From the outset, when it launched in 1973, What Car? set out to be different, says editorial director, Jim Holder. At an exclusive Gorkana media briefing this week, Holder explained how the magazine strives to talk to the “general consumer” and give them the stats, data and information they want to make informed car purchases.
What Car?, which is published by Haymarket Media Group Ltd, offers consumer advice on buying and selling new or second-hand cars.
With nearly one million readers each month, the UK’s biggest car-buying brand – it’s online at WhatCar.com – runs features on road-tested cars (regarded by many as the most trusted source of new car advice), reviews, consumer surveys, investigations, money-saving advice and car data.
As well as its print readership, which has risen 5% this year, WhatCar.com attracts 1.3 million users each month, offering news and advice on car leasing, new car deals and used cars for sale.
Holder is also editorial director of Haymarket’s two other automotive titles, Autocar (the world’s oldest surviving car magazine founded in 1895) and PistonHeads.com (an online-only magazine for sports car enthusiasts in the UK, which launched in 1998 and was bought by Haymarket in 2007).
In 2015, Haymarket decided to merge the editorial staff of What Car? and Autocar into a 38-strong team, with PistonHeads’ team of three keeping an element of independence.
“We now consider ourselves websites with magazines – especially from a What Car? and Autocar perspective”, says Holder. Of the 38-strong team, ten exclusively work on digital content, with the rest contributing to the site at some point each week.
In the briefing, which was chaired by Philip Smith, Gorkana’s head of news and content, Holder identified five key things PRs should know about What Car?:
There are four key content pillars in What Car?
Data – Not the sexiest of subjects, Holder admits, but it’s important to include the vital statistics of cars that are featured, and it makes up a quarter of the magazine.
Group Tests – The team compares two, three or four cars against each other and then offers a verdict. It’s one of the most popular sections of the print magazine.
Consumer Advice – Covering wide-ranging cases that affect motorists in general, be it Volkswagen Dieselgate or the Consumer Rights Act. Holder believes this is what positions the magazine as a consumer champion.
First Drive – Reviews on all the latest cars. The magazine has a strong subscriber-base, who want to know all about the latest cars on offer.
Readers treat print and online differently
The average magazine reader will buy a copy of What Car? around three times in a row, decide on what they want to buy and then won’t pick up a copy for another three years. They are typically men, aged between 35 and 55 and tend to be family car buyers.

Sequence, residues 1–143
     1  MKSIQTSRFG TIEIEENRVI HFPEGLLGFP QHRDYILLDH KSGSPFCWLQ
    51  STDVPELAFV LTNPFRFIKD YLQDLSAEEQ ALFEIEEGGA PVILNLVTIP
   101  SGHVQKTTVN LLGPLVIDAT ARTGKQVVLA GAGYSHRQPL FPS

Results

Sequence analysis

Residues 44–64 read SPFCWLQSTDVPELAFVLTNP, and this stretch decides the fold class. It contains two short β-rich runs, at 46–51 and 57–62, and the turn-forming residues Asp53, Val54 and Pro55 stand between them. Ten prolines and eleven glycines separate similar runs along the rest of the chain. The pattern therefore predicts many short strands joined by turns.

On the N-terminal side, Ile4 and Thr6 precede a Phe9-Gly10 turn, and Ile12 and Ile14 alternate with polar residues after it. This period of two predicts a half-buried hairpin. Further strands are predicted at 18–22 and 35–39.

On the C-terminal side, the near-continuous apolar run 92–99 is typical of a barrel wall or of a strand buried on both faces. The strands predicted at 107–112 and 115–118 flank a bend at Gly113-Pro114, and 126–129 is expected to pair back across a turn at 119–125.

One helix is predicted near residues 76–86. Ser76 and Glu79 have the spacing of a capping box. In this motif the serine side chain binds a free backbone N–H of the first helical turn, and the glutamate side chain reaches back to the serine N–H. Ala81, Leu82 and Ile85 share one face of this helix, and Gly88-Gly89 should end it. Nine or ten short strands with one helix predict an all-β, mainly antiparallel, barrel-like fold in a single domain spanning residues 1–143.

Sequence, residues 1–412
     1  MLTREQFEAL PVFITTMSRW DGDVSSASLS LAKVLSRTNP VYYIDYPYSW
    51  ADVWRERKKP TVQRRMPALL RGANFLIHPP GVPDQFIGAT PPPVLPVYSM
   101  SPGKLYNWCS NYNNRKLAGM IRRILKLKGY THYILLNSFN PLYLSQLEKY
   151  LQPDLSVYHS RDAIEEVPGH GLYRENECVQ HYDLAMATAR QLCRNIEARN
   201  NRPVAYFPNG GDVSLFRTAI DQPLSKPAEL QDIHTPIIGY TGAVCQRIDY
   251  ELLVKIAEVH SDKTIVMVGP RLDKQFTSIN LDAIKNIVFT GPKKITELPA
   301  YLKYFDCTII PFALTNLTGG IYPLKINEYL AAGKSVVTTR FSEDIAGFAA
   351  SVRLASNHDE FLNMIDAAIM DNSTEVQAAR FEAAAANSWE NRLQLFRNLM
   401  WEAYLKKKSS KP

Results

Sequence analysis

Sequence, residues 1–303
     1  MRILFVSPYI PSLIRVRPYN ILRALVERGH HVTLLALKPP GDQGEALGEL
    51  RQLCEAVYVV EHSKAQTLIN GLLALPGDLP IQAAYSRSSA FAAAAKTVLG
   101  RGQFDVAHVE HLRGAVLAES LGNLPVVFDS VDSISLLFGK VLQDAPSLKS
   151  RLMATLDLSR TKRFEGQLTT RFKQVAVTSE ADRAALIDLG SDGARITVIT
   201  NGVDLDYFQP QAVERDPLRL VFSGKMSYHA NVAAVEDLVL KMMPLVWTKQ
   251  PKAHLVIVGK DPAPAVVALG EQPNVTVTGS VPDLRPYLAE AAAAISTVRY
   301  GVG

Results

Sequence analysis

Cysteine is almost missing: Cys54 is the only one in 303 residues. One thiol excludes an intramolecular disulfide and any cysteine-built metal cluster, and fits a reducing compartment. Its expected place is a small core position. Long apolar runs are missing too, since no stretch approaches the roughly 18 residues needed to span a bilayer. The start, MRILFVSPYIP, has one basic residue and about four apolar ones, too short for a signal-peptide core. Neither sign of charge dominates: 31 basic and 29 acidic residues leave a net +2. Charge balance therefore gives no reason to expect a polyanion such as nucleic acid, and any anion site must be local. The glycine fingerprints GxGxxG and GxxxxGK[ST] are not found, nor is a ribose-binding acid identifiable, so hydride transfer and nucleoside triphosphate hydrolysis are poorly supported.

There are 100,000 visitors to WhatCar.com every day. Holder describes it as “Britain’s biggest showroom”. Everyone who visits the site is looking to buy a car. A third of readers are women, who read around seven pages per visit. While the majority of readers will use the site for a period of three to six months and then drop out, there are far more regular users over the print magazine.
The team is looking for consumer experts
While all car tests are conducted in-house, Holder is looking for a roster of experts to contribute to the Consumer Advice section, whether it be a lawyer who is a specialist in dealership issues, an advice bureau, which can offer advice on the buying and returning process or experts who can talk about dealership disaster stories.
Know how the team works
There are 13 issues of What Car? published each year. The 10th of each month is the deadline date, and the team will become “incredibly inflexible” about what makes it into the magazine a week before that date. The print title is planned out six weeks in advance.
Know when to get in contact
There is a daily 9:30am news meeting, where the team works out what’s being worked on that day and the next. There is also a daily newsletter that reaches 150,000 readers each day. It goes out early in the morning on weekends so people can read it when they wake up. During the week it will be published at around 4pm to catch commuters on their way home.
Agency and in-house comms professionals turned out for the briefing, which was described as “super insightful” and “informative” by the Gorkana community.
Cait Doherty, senior account executive at WE Communications, said: “Any time you can better understand the way industry-focused publications like What Car? work, especially what interests their readers, helps us to better inform our work on the communications side.
“It also helps us navigate between different outlets under the same publishing house with similar focuses, so it was great to better understand how Autocar and PistonHeads differ in their content.
“As always, I gained useful insight that can be applied to my clients and I look forward to joining the next media briefing.”